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Eyeglasses That Do the Job

Eyeglasses for Different Activities continued...

Driving. Eyeglasses for driving may be:

  • Special "driving sunglasses" with polarized (partially light-blocking) lenses
  • Prescription eyeglasses with both your lens prescription for distance vision and an anti-reflective coating

Reading. Reading glasses are a good choice for people with presbyopia. This eye condition develops with aging -- usually in your 40s. You might notice that your arms aren't long enough to read up close anymore. Glasses that correct presbyopia are also good for close-up hobbies, too.

Available without a prescription, cheap, one-size-fits-all, single-distance styles can be found in pharmacies and department stores. Some people can't use these because of headaches or eyestrain. For them, prescription eyeglasses for reading are best.

Eyeglasses alert! Never buy nonprescription reading glasses as a substitute for seeing your eye doctor. Regular eye exams check more than your vision. They also check the ongoing health of your eyes.

Sports. Some 90% of sports-related injuries are preventable with use of protective eyewear. These include:

  • Sports goggles with impact-resistant polycarbonate lenses, commonly used for playing basketball, baseball/softball (on the field), field hockey, women's lacrosse, racquet sports, and soccer
  • Polycarbonate shields (or wire face guards), used, for example, in baseball/softball (batting) and football

Eyeglasses alert! Don't wear your everyday eyeglasses when you play sports. "Regular" eyeglasses don't meet sports eyewear's higher safety standards and neither do contact lenses or safety eyewear used in industry. Ask your eye doctor's advice about sports eye protection.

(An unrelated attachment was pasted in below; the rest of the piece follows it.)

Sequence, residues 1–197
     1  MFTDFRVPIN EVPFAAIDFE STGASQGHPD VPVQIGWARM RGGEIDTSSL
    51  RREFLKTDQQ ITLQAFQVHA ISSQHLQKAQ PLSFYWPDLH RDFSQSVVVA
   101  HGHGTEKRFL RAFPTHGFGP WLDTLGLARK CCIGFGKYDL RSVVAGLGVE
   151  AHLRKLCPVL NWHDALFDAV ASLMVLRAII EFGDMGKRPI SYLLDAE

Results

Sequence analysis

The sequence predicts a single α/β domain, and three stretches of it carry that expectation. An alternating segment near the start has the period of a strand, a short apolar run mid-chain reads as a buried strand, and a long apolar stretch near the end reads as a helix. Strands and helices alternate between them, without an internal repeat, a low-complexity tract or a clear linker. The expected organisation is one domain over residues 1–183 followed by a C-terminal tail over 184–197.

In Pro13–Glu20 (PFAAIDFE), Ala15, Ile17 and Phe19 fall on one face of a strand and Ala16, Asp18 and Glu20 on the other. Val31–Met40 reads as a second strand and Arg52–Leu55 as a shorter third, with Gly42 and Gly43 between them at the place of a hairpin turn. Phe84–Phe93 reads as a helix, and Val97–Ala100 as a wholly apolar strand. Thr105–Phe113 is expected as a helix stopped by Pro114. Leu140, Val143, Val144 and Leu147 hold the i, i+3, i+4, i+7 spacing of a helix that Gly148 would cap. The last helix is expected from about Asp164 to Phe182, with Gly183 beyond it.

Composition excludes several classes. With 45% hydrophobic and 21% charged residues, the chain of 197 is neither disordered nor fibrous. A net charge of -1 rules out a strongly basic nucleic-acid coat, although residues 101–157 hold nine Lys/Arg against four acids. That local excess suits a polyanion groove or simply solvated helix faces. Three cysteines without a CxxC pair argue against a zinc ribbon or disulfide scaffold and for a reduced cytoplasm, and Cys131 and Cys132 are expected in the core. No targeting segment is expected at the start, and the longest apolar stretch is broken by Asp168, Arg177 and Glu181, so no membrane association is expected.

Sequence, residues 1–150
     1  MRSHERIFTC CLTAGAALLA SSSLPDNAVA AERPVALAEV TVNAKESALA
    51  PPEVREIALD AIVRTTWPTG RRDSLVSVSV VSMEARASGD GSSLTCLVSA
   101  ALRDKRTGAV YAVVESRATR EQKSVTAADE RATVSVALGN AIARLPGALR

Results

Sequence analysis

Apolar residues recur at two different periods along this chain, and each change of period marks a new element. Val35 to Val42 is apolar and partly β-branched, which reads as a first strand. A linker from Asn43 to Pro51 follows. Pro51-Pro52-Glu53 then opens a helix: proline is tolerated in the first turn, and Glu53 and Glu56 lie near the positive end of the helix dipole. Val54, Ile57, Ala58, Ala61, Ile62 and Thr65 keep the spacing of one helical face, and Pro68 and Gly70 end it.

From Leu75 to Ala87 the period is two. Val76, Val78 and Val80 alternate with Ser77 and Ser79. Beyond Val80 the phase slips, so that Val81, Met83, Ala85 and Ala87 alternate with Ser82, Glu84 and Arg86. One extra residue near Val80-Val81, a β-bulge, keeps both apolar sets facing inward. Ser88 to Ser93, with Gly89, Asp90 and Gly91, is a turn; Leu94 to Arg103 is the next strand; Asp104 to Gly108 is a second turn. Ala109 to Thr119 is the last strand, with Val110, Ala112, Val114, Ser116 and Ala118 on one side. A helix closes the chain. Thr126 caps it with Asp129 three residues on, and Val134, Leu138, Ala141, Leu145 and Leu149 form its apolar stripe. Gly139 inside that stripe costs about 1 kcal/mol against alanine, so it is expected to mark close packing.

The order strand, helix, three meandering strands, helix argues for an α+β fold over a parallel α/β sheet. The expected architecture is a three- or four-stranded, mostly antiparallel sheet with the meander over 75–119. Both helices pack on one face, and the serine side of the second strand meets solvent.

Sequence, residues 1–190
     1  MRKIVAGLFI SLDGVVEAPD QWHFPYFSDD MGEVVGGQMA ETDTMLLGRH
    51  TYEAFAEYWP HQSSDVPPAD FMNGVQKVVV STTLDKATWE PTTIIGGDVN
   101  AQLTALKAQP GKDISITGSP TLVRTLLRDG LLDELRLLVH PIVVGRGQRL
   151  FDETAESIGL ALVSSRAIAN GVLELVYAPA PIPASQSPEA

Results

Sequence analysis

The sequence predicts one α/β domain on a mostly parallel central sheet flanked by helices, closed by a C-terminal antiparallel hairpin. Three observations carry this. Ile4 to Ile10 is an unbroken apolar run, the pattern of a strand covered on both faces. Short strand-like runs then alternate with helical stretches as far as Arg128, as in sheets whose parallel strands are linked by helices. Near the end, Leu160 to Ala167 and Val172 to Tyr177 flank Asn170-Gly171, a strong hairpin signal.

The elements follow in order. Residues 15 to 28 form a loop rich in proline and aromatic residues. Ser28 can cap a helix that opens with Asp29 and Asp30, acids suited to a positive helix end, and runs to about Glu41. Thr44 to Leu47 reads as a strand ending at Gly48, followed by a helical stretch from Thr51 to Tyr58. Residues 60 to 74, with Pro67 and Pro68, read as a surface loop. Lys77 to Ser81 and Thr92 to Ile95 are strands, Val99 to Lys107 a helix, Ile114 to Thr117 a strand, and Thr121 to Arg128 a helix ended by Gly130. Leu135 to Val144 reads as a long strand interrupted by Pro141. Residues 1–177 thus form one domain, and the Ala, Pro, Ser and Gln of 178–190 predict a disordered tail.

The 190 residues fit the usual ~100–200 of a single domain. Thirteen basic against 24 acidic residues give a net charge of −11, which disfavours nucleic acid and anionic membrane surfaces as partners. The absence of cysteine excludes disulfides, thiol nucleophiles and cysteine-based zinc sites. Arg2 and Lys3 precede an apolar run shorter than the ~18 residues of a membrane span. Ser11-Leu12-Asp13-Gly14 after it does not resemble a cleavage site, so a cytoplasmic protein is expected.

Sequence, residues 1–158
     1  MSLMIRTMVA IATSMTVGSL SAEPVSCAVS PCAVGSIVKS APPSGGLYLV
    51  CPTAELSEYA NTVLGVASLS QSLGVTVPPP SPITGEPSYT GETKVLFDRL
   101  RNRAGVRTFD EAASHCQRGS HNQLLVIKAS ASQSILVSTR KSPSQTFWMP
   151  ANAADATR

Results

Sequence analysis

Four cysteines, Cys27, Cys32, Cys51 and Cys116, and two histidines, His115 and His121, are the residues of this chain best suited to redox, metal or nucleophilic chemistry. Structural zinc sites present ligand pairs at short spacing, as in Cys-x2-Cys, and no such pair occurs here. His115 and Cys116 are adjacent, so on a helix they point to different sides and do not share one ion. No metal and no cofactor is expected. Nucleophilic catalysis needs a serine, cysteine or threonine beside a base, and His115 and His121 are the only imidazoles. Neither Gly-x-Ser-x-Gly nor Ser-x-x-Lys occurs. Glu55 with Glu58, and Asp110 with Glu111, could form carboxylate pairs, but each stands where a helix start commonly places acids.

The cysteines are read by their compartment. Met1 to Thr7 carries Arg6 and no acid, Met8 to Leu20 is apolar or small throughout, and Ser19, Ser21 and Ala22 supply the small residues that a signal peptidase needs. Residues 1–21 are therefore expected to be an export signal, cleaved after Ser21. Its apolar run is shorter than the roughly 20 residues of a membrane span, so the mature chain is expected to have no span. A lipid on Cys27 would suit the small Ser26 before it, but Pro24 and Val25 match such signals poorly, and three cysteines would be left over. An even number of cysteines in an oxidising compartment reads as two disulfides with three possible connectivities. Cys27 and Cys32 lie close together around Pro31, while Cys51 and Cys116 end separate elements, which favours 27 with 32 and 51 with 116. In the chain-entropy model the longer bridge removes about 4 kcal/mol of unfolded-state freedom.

At work. Eye injuries can happen at any workplace. Industries where they are most common include:

  • Agriculture
  • Construction
  • Manufacturing
  • Mining

Government standards require employers to evaluate the workplace for possible eye hazards and provide equipment -- including appropriate protective eyewear -- and surroundings to ensure that any such hazards are minimized or eliminated.

To meet the government standards, all protective eyewear must have "Z87" or "Z87+" (the "+" indicates safety eyewear with impact-resistant polycarbonate lenses) marked on the frame and sometimes on the lens as well.

All safety eyewear should be comfortable to wear as well as properly fitted. Types of safety eyewear may include:

  • Goggles, which are more impact resistant than safety glasses
  • Safety glasses with side protection/shields
  • Face shields, including welding helmets
  • Full-face respirators incorporating face shields

At home. Protective eyewear can help prevent eye injury from many hazards around the house. These include:

  • Household chemicals
  • Workshop activities
  • Gardening and lawn work
  • Car repair or maintenance tasks

In any situation where you injure your eye(s), get medical attention immediately.


WebMD Medical Reference

Reviewed by Brunilda Nazario, MD on April 27, 2012

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